Thursday, August 20, 2020

Learning to Look on the Inside, Not the Outside

Got a question for you: If you were in a hospital, in desperate need of a blood transfusion, would you ask whether the blood had come from a Caucasian, African-American, Asian, Hispanic or Middle Eastern person?


When a cardiothoracic surgeon opens someone up to perform open-heart surgery, do you suppose he or she is concerned about whether the patient is African-American, Hispanic, Caucasian, Middle Eastern or Asian?


The answer to both questions is – or should be – an emphatic, No. Because on the inside, all human beings are the same. Blood and plasma are the same, regardless of the race or ethnicity of the donor. On the inside, we each have a heart, a liver, kidneys, lungs, intestines, and all that other stuff. And they all function in the same ways – it doesn’t matter whether you come from a rich family or poor, what language you speak, or whether your skin color is naturally dark or you have to lay in the sun or a tanning booth to get that way.

So why in the world do we continue to remain so hung up, so obsessed with the amount of pigmentation – or lack – of someone’s skin?


I think I’ve mentioned this before, but vividly remember the time I was meeting with a young African-American man, his first name was Rhon. We were early in a discipling relationship, and one day out of the blue he asked, “Bob, if Jesus were to come up and stand in front of me, would He see a black man?”


Thankfully, I didn’t have to fumble for a response. A verse I had recently read came immediately to mind: “There is neither Jew nor Greek, slave nor free, male nor female, for you are all one in Christ Jesus” (Galatians 3:28). Although I believe God created different skin colors and ethnic features, perhaps simply for the sake of variety, just as He created cardinals and eagles, blue jays and robins, barred owls and sparrows, He doesn’t regard us differently because of our skin, status or sex.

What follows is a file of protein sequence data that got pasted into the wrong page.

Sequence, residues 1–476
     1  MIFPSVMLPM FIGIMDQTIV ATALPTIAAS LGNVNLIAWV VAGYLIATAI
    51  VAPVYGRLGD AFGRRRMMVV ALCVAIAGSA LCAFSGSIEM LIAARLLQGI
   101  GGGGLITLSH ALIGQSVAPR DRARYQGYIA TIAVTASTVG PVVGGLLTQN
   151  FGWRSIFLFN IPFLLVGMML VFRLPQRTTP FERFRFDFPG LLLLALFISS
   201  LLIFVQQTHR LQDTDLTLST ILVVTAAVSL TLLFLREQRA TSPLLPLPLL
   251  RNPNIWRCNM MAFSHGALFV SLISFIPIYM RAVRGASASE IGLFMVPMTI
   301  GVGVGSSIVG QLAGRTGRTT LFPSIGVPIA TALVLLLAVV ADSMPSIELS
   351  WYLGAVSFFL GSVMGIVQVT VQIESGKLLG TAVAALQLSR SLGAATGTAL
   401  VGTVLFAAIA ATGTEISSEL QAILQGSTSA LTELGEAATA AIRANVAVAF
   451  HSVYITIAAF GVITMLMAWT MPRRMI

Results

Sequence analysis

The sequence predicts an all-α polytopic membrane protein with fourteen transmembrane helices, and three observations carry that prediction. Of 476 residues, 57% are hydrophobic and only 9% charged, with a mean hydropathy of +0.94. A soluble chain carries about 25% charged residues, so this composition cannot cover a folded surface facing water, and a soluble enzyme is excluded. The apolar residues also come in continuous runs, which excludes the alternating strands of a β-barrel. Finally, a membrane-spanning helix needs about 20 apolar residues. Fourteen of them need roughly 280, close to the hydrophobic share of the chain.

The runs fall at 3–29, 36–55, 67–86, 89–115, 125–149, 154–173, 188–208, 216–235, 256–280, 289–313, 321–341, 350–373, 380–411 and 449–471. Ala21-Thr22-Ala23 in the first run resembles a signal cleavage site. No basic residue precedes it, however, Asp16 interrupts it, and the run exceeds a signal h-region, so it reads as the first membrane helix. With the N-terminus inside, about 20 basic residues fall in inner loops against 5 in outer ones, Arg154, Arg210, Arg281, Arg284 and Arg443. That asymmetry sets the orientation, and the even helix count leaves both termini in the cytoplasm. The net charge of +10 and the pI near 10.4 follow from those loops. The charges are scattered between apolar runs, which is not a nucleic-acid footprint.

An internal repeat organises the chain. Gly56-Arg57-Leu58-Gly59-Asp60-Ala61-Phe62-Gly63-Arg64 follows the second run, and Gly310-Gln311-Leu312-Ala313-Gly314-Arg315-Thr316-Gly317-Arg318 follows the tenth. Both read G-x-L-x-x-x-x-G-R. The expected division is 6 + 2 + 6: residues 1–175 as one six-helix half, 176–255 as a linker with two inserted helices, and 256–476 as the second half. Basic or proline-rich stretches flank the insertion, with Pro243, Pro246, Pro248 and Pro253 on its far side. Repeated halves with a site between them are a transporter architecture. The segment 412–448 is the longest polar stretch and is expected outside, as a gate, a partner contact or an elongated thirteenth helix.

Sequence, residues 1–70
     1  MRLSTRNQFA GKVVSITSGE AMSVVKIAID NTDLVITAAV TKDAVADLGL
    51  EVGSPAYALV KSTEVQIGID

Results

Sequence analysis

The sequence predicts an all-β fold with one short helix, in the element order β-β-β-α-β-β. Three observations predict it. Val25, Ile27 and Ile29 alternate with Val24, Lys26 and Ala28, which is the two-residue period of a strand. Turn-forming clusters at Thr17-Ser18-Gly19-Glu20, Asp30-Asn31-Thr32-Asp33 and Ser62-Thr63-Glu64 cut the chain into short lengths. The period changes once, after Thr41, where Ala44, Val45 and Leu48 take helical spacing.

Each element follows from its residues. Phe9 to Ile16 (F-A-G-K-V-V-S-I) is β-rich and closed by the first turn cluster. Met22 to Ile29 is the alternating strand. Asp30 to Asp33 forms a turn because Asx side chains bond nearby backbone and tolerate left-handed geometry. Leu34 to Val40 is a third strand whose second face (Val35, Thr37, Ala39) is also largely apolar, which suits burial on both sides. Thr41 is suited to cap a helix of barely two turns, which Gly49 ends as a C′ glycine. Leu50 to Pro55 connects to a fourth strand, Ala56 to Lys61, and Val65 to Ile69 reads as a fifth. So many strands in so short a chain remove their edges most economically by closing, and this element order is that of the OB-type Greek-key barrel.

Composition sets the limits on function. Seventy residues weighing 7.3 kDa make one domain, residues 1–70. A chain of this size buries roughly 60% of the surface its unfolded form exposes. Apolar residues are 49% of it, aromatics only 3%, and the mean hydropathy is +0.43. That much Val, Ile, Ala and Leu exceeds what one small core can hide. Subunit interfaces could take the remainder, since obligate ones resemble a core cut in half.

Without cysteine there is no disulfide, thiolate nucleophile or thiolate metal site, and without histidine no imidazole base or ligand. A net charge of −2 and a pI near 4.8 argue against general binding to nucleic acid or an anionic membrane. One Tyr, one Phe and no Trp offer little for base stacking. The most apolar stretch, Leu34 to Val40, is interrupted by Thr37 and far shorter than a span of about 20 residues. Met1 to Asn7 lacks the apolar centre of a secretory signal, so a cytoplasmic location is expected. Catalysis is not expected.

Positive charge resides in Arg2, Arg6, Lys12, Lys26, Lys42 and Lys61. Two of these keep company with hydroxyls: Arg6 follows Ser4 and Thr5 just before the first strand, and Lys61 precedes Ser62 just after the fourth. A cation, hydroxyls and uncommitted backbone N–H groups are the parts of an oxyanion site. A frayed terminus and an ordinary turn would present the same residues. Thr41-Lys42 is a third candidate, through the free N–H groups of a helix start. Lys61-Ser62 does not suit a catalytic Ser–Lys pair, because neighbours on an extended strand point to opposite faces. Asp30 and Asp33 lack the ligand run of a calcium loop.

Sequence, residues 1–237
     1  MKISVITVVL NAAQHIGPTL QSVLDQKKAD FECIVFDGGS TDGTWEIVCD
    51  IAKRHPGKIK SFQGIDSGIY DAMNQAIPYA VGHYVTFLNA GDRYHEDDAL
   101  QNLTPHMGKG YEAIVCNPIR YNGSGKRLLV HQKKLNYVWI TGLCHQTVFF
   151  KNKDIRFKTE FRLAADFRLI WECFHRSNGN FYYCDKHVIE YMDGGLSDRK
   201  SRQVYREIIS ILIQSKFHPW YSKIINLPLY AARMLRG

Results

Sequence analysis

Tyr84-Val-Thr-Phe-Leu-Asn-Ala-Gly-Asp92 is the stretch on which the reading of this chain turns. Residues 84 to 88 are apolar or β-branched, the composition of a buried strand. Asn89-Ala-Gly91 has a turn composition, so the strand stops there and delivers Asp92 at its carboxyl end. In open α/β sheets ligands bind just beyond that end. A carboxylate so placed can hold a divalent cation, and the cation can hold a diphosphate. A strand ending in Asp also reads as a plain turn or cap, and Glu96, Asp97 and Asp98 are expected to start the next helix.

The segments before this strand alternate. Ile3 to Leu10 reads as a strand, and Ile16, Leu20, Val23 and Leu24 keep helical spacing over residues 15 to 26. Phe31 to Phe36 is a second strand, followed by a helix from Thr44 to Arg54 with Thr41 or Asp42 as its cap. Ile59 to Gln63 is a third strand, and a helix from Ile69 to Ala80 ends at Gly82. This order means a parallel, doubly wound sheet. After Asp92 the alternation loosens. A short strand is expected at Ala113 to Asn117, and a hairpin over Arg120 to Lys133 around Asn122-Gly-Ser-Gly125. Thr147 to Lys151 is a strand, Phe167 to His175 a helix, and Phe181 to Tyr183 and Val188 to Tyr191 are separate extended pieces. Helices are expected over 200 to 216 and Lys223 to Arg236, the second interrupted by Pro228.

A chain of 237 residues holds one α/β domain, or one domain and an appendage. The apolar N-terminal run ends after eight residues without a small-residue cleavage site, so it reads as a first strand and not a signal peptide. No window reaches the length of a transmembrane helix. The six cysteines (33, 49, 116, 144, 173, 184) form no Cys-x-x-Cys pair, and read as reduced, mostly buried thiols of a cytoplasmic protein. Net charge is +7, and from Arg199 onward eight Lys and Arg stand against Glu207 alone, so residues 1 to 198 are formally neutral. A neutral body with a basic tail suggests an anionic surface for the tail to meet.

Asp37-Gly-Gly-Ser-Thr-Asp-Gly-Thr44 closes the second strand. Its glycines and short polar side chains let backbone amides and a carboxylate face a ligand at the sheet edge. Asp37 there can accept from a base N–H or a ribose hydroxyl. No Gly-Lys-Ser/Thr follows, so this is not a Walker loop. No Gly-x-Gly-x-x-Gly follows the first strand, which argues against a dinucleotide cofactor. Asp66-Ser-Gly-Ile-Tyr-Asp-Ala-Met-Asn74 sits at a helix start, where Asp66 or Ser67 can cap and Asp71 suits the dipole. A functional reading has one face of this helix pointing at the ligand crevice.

In fact, 1 Samuel 16:7 states this emphatically. After the prophet Samuel had become frustrated after examining each son of Jesse and finding none to be of God’s choosing for the next king of Israel, God told him, “…The Lord does not look at the things man looks at. Man looks at the outward appearance, but the Lord looks at the heart.”


Elsewhere, speaking about motives but also referring to the folly of judging solely based on externals, Proverbs 21:2 tells us, “All a man’s ways seem right to him, but the Lord weighs the heart.” Similarly, “The lamp of the Lord searches the spirit of a man; it searches out his inmost being” (Proverbs 20:27).


Today our nation is once again embroiled in racial strife. Factions are demanding an end to racism, sometimes through acts of violence and hatred. Which is like trying to put out a house fire with a blowtorch.


Without intending to sound simplistic, the real answers to racism, prejudice and ignorance are not found in more legislation, or other forms of governmental force. It’s by learning to do as the Bible instructs – to stop concentrating on outward appearances, whatever they may be, and discovering how to look inward, to the heart. Recognizing one another as God’s creations and, potentially, as His children. It’s offered to all who respond to the gracious gifts of salvation, forgiveness and reconciliation, provided through the shed blood of Jesus Christ on a crude cross 2,000 years ago.


On this page I’ve included an image of white and black hands clenched together, with an American flag in the background. I don’t know its artist, but it wonderfully captures the spirit and hope we all should seek to show toward one another.


With forces in our society pressing to keep us separate and perpetually at odds, intending to destroy and divide, only in Christ can we achieve true and undisrupted unity. As Philippians 2:1-2 declares:

“If you have any encouragement from being united with Christ, if any comfort from his love, if any fellowship in the Spirit, if any tenderness and compassion, then make my joy complete by being like-minded, having the same love, being one in spirit and purpose.”


Did you notice that the key word in this passage is “if”? A tiny word, yet its significance looms as large as the entire world. Jesus Christ gives us the capacity. Are we willing to implement it?

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